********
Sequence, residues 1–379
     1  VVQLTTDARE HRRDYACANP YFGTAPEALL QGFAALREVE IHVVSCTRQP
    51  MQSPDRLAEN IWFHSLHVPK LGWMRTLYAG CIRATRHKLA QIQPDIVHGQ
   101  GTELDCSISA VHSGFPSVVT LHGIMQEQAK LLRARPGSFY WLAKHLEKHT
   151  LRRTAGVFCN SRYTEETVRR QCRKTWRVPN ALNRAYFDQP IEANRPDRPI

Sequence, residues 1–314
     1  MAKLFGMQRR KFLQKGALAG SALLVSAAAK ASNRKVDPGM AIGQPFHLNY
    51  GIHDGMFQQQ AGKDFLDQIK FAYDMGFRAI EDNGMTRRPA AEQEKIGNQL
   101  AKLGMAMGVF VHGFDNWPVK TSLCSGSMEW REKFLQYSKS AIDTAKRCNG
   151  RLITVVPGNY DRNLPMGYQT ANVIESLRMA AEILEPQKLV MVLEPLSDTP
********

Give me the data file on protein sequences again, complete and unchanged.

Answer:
Sequence, residues 1–379
     1  VVQLTTDARE HRRDYACANP YFGTAPEALL QGFAALREVE IHVVSCTRQP
    51  MQSPDRLAEN IWFHSLHVPK LGWMRTLYAG CIRATRHKLA QIQPDIVHGQ
   101  GTELDCSISA VHSGFPSVVT LHGIMQEQAK LLRARPGSFY WLAKHLEKHT
   151  LRRTAGVFCN SRYTEETVRR QCRKTWRVPN ALNRAYFDQP IEANRPDRPI

Sequence, residues 1–314
     1  MAKLFGMQRR KFLQKGALAG SALLVSAAAK ASNRKVDPGM AIGQPFHLNY
    51  GIHDGMFQQQ AGKDFLDQIK FAYDMGFRAI EDNGMTRRPA AEQEKIGNQL
   101  AKLGMAMGVF VHGFDNWPVK TSLCSGSMEW REKFLQYSKS AIDTAKRCNG
   151  RLITVVPGNY DRNLPMGYQT ANVIESLRMA AEILEPQKLV MVLEPLSDTP